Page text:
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Ben Clough

Ben Clough, age 25, was killed by Lauren Robishaw on 10-2-98 when she ran a red light in her 1993 Acura Legend. She was traveling westbound on MLK as Ben was traveling northbound on Lavaca (probably trying to go into the alley). Robishaw was originally charged with Criminally Negligent Homicide, but the prosecutors agreed to reduce the charge to simply Reckless Driving in return for a guilty plea. Robishaw pled guilty and was sentenced to community service on 4-30-01. (more on sentencing)

Trial History. Trial dates set, and then rescheduled, were 2000: 1/6, 2/14, 3/16, 4/20, 6/15, 7/6, 8/17, 10/19, 11/22, 12/14; 2001: 1/4, 2/2, 2/23, 3/30. The actual trial was 4-30-01.

The Charge. The original charge was Criminally Negligent Homicide, a State Jail Felony, which carries a jail sentence of 180 days to 2 years. In addition, there is a possibility of a fine up to $10,000. The law is not black and white. Here's the definition of "criminally negligent":

A person acts with criminal negligence, or is criminally negligent, with respect to circumstances surrounding his conduct or the result of his conduct when he ought to be aware of a substantial and unjustifiable risk that the circumstances exist or the result will occur. The risk must be of such a nature and degree that the failure to perceive it constitutes a gross deviation from the standard of care that an ordinary person would exercise under all the circumstances as viewed from the actor's standpoint.
[For more information, check out our page on Texas Laws affecting motorists.]

Note that the driver was never charged with running the red light in the first place. While bicyclists in Austin have gone to jail for running a red light, Robishaw got off completely scot-free on that charge.

Controversy about defendant's attorney. We did some poking around and discovered that the motorist's lawyer, Rip Collins, is friends with at least one local judge. Here's an article in the Ft. Worth Star-Telegram which contains this reference.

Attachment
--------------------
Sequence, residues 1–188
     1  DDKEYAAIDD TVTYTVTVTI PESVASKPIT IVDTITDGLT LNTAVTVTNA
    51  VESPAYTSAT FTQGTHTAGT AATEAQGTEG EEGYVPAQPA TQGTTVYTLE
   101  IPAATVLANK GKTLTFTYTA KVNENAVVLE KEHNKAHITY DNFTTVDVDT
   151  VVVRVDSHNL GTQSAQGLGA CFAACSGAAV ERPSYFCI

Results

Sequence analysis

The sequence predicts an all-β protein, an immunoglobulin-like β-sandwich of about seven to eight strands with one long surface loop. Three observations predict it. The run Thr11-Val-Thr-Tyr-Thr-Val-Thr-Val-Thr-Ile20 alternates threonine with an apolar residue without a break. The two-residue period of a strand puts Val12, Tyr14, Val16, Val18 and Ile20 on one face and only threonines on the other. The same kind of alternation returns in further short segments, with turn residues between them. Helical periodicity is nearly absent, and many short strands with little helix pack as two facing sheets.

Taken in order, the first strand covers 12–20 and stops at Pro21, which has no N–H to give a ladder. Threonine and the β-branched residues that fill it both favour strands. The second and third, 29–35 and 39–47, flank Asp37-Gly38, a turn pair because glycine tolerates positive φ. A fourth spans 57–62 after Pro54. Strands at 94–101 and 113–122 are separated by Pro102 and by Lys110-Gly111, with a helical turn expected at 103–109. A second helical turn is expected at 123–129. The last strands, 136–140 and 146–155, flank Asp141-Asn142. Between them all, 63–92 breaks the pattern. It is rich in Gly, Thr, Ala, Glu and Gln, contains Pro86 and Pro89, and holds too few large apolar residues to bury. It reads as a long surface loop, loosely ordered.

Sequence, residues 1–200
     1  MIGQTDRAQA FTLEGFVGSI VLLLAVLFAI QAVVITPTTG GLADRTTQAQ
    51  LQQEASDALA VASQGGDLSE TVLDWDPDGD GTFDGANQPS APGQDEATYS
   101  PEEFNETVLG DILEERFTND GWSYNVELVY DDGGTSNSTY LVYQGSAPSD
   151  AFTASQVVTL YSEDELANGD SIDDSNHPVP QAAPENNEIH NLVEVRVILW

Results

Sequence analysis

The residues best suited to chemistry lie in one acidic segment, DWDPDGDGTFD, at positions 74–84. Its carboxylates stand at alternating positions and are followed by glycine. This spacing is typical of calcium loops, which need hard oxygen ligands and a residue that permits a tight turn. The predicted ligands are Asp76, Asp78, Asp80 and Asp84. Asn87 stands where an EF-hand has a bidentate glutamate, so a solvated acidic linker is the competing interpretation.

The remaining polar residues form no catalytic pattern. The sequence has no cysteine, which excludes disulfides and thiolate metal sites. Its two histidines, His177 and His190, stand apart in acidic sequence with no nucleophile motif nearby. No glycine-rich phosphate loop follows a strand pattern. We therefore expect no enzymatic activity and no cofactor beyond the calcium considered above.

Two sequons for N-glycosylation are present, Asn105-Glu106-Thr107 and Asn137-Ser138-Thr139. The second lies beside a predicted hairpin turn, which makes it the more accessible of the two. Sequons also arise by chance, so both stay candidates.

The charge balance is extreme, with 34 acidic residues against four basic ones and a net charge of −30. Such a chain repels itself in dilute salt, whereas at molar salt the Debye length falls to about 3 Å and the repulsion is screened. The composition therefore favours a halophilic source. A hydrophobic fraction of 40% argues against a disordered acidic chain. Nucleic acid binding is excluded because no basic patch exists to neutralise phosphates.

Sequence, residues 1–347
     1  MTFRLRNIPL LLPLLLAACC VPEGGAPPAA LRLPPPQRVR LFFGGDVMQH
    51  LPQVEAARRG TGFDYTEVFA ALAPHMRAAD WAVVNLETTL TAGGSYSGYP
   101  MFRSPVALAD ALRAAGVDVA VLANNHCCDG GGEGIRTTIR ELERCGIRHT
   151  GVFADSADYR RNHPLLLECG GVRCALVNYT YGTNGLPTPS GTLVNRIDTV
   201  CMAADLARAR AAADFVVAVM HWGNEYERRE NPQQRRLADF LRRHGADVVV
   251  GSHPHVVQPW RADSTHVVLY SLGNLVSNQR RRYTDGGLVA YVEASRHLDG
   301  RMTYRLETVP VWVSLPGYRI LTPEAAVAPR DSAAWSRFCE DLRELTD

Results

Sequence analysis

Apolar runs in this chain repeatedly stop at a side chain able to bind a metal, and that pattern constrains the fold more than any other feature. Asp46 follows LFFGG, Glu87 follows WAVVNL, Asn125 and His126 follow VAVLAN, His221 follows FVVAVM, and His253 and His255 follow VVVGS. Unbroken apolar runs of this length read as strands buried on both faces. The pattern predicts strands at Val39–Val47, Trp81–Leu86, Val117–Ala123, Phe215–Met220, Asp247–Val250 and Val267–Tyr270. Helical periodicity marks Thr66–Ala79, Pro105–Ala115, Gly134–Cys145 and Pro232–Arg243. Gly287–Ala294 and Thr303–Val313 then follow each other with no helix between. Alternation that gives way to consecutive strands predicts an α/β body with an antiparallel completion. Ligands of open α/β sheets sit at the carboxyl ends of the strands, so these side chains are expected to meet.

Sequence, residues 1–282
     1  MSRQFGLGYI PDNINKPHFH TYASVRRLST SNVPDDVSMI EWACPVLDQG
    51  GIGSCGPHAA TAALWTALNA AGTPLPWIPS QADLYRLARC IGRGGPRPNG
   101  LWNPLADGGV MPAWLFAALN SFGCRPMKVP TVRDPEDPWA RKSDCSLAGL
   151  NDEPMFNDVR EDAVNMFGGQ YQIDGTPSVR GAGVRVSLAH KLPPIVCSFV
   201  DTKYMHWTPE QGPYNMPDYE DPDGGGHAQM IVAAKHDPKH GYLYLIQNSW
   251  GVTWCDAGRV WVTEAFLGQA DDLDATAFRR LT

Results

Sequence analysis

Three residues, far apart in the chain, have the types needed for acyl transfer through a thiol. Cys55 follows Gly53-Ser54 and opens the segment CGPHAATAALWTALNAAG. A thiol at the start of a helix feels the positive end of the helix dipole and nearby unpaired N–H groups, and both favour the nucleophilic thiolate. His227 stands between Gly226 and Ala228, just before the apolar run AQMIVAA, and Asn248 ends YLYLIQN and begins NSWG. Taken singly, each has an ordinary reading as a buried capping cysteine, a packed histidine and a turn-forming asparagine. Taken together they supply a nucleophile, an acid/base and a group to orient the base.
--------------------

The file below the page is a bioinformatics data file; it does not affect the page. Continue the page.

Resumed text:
Controversy about the judge. Cyclists may remember Judge Wisser for letting the motorist who attacked Lance Armstrong out on minimal bail. (Here's the story about that.)


Sentencing
Here's the article from the Austin American-Statesman

Driver must revisit bicyclist's killing,
Court orders woman to go monthly to intersection where she ran red light
by Claire Osborn
Austin American Statesman, 05-01-2001, p. B1

Each month for the next two years, Lauren Robishaw must visit the corner of Martin Luther King Jr. Boulevard and Lavaca Street. That's where she glanced down momentarily in 1998, ran a red light and killed a 25-year-old bicyclist. The visits are part of the sentence imposed Monday after Robishaw, 23, pleaded guilty to a charge of reckless driving, reduced from criminally negligent homicide, which could have sent her to prison.

The mother of Ben Clough -- the bicyclist who was killed -- asked prosecutors to make the visits a requirement of Robishaw's two-year probation so the woman would take time to think about the man she killed.

Clough was known as "the old man" to his friends because he always paid his bills and people knew they could count on him for a place to stay, his mother, Karen Clough, said in a videotape played at Monday's sentencing in County Court-at-Law No. 6.

"He always had a gallon of milk in his refrigerator," she said. "Now I can't ever speak to him again."

Karen Clough, who is from Massachusetts, said it would have been too painful for her to attend the sentencing.

But in the videotape, she spoke to Robishaw about her son: "I can't say I want you to suffer," the tearful mother said. "I know you didn't mean to do it, but you did it anyway."